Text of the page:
Form 26QB: TDS default u/s 200A due to inoperative PAN

If you are the buyer of a property, you will deduct a 1% TDS from the total amount to be paid to the seller, and deposit this TDS by filing form 26QB. This TDS will be reflected in the seller’s form 26AS and they can claim a credit of the same while filing the ITR.

What is Form 26QB?

Form 26QB is a return-cum-challan form used for paying TDS to the government.

If you are the buyer of a property, you will deduct a 1% TDS from the total amount to be paid to the seller, and deposit this TDS by filing form 26QB. This TDS will be reflected in the seller’s form 26AS and they can claim a credit of the same while filing the ITR.

Sounds pretty straightforward forward, right? Well, it is.

But, recently there have been many cases where buyers are receiving default notices where they are liable to pay TDS at 20% instead of 1%.

Why so? Because the seller’s PAN and Aadhaar were not linked.

30th June 2023 was the last day to link PAN and Aadhaar, and if someone had not linked their PAN with Aadhaar by then, their PAN becomes “inoperative.”

So, if a buyer purchased a property from a seller whose PAN was inoperative, they were liable to deduct TDS at the rate of 20%. While many buyers were not aware of the same, they deducted TDS at the usual rate which is 1% and later when their form 26QB was processed, they received a notice demanding the remaining 19%.

On top of this, an interest at the rate of 1% per month is also imposed till the differential payment of TDS is made.

This amount can lead to a big difference when the property value is high and many sellers may not cooperate in such situations.

Hence, before buying the property, ensure that the seller’s PAN is operative and is linked with their Aadhaar. Here’s a tool to check whether a PAN is operative or not.

What can you do if you receive default notice u/s 200A for paying 19% more TDS?

If you are one of those who received the default notice, you will have to make the payment for the amount of short deduction to solve the default.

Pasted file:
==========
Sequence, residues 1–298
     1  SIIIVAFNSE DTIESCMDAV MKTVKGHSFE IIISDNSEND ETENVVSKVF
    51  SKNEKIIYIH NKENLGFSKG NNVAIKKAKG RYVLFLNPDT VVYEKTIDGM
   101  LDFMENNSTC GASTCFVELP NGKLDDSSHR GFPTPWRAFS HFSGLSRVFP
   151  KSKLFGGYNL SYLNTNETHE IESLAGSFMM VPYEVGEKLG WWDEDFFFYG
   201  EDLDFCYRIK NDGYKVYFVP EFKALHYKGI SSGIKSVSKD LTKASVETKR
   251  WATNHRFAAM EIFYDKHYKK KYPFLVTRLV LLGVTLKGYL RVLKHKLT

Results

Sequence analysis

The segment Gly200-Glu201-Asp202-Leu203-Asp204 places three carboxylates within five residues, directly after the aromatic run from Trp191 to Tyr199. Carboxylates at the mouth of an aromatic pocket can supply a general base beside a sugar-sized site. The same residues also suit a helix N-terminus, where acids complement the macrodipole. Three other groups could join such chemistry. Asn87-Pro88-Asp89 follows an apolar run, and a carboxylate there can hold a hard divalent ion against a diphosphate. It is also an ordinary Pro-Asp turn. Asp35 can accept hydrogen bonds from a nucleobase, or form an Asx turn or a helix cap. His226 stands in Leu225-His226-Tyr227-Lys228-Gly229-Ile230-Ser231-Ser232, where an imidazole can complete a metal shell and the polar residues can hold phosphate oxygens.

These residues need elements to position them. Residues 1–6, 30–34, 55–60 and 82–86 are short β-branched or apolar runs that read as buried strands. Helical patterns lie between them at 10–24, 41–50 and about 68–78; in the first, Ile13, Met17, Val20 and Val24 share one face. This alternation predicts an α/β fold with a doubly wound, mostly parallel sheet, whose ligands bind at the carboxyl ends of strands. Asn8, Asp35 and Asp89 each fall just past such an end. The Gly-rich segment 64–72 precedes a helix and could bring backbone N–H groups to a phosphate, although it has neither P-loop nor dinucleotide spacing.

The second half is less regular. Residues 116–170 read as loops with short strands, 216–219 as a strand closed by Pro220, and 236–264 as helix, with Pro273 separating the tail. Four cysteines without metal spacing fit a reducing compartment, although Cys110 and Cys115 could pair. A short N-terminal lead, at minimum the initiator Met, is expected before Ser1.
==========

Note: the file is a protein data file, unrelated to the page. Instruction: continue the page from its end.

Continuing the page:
You can ask the seller to pay you the differential amount and you can deposit the same by filing a form i.e “Demand payment for TDS on Property” on the e-filing portal.

This TDS will be reflected in the seller’s Form 26AS, and they can claim it as a credit when they file their ITR and get a refund.

Say, for example, you bought a property worth ₹1 crore and due to the seller’s PAN being inoperative, you pay 20% TDS on the same. This way, you’ll have to deposit ₹20 lakhs as TDS. As this tax is deducted from the seller’s income, ₹20L will be reflected in the seller’s form 26AS as taxes paid during the FY.

But, when the seller files their ITR, they will report these capital gains from sale of property. If their gains from the property were say, ₹30 lakhs, they are liable to pay 20% tax (considering long term) on those gains which will be around, ₹6 lakhs. Hence, the remaining ₹14 lakhs will be issued as a refund to the seller.

Is there a way to cancel this demand if the seller has linked the PAN and Aadhaar later?

While the best option is to pay the demand, there could be one way out if the seller is not cooperating.

You can cancel the agreement with the seller, and file a 26QB correction return. However, this process involves approval from the assessing officer(AO). If the AO approves the cancellation of the agreement and allows correction of Form 26QB, you can request a refund of the amount paid.

Once the PAN-Aadhaar of the seller is linked, you can file another Form 26QB, and pay 1% TDS.

Please note: This process entirely depends on AO’s discretion.

If you want to learn more about Form 26QB and how to file it, read here.

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